Snl24 | From the archives | White sangoma Dan Paige explains how he got into the business of healing

Snl24 | From the archives | White sangoma Dan Paige explains how he got into the business of healing

You rarely find a white sangoma. Ubungoma or ancestral calling has been commonly known to be a predominantly “black or African belief”.

White Inyanga, Dan Paige, also known by his ancestral name Toothaker says that as a white person, he identifies with being inyanga.

“I’m an inyanga. I learned about my calling in Alexandra township. I have now been practicing for two years,” he tells Drum.

Born and raised in England, before becoming a sangoma, he worked as an IT specialist for Blockchain Technology and other IT solutions.

“I have a degree in games and app development. My life was normal, familywise. However I was always getting in and out of trouble with the law. Since I answered my calling, all has been resolved. I’m an inyanga and witchcraft based,” he says.

 “My ancestors, Rodger Toothaker, Margret Toothaker, and family were all famous for their witchcraft and were all killed in Salem witch trials or mysteriously died a week after being in prison. There are many different forms of magic, I know and specialise in muthi but also spells from other forms of magic.”

Dan moved from the UK to Botswana and then to South Africa to recover financially after a complicated breakup and he was advised to move to South Africa for a clean start.

“When I got here, I began to recover and I met my now wife,” he says.

“Things were starting to pick up gradually. I also do forex trading, so I went to Sandton to find people I could help by teaching them forex with a very credible company that is FSCA regulated. I would go to a casino to try to pull people away from gambling and show them that they are a better way where they won’t lose money like they are doing but achieve the results they are chasing,” he says.

One evening at a bar he met someone who gave him a reading.

“I went to the bar to have a drink before leaving the casino and that is when I met the woman who is now my gobela,” he says.

“She told me everything that I had been through in Botswana and you would not be able to make that up or even guess it to be true, so she had my attention. She informed me that I needed to go to Alexandra township for me to understand more.”

Arriving in Alexandra, Dan was confused and felt lost.

“I was confused as anyone else would be at first when I found out I had a calling,” he says.

“I was like how me? I am white. I am fully aware of sangomas, witchcraft, inyangas etcetera. Most of my friends are either African or Jamaican in the UK and my kids are half Jamaican, Nigerian and Tswana so it wasn’t new to me but I was like me, how I’m white it was all new to me that aspect of it also until I researched deeper.”

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When he arrived in Alex, everything was fully explained to him, including what his calling was, and another reading was done.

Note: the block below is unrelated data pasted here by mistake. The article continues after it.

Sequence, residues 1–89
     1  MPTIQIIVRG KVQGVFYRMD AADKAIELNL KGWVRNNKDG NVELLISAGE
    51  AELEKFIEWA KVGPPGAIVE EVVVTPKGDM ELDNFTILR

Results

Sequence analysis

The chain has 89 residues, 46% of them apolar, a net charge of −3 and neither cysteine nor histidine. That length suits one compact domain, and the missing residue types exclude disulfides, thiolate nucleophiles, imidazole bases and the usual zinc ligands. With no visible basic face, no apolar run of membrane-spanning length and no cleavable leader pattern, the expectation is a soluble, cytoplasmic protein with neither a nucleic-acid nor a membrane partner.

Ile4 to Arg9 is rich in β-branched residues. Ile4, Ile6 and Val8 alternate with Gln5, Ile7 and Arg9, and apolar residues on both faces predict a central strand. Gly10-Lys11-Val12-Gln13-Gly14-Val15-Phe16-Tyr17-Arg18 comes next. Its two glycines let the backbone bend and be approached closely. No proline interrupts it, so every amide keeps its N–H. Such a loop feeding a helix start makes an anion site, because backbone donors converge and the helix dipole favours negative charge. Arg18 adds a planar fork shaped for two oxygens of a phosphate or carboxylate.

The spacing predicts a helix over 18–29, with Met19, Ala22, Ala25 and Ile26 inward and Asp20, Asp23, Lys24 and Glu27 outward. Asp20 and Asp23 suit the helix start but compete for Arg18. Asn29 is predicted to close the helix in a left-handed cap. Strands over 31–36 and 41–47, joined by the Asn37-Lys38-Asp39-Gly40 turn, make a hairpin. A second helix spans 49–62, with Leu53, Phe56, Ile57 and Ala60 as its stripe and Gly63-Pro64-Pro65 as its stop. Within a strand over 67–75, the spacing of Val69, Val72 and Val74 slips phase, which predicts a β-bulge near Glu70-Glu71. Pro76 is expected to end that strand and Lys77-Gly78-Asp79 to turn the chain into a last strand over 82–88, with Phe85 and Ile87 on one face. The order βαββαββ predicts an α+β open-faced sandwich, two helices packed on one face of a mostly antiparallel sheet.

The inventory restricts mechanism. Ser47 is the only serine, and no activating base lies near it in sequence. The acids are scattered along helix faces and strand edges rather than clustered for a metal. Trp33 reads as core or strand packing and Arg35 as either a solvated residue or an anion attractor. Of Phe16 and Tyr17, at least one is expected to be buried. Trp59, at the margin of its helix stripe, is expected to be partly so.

“I knew I was able to see things before they happen but I had no idea that it was due to my prophecy side,” he says.

“They asked me if I wished to answer it (the calling) and they advised that was a good time to do it given my circumstances,” he says.

“I agreed because I realized it was now or never. There was never going to be a perfect time.”

His partner, who is now his wife and originally from Zimbabwe, also had a spiritual calling but was not ready at the time to answer.

“I then had to leave briefly to continue to recover and once I did, I returned. When we returned it was said that we needed to answer our calling together. My wife and I got spiritually married, combining our ancestors so that our journeys were aligned. We graduated together and own Michys Muthi shop and we also sell our own muthi.”

Dan says in the beginning his family could not understand but they have learned to accept him and support his decisions.

“My family and friends were very supportive and helped me throughout including my business partner,” he says.

Having gone for ukuthwasa, Dan says if he hadn’t gone through the process, he would have been in a different place in his life.

“I honestly think I would have found it a lot harder. But I think my past helped me tremendously,” he says.

During his initiation process, Dan says he needed to learn a lot about ancestral beliefs.

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“It was a lot. I was confused at first and then people seeing me in Alex were also very surprised. But now most know me,” he says.

“I was criticized and judged for being white and labelled a fake. However, I also wanted to know for myself. I knew I would face such stigma, so I downloaded the ancestry app which was something I wanted to do for years I have DNA records of my bloodline as far back as 6000 of ancestral bloodline so far, and everything is also connected then,” he says.

“At my initiation, I spoke English and my wife would translate when required.”

Dan says the biggest misconception about white people is that their ancestors are only at their place of birth.

“I wasn’t aware of it until I went for ukuthwasa. You see a South African sangoma or a Zimbabwean sangoma and wrongly assume their ancestors are also from South Africa or Zimbabwe for example. When in fact that is so incorrect. I know South African sangomas who have English ancestors, Chinese ancestors, American ancestors, and so on and so people tend to associate sangomas’ ancestors from their homelands when that is not the case at all.

“For example, one of my ancestors is a native American decedent, so basically black, but yellow bone,” he says.

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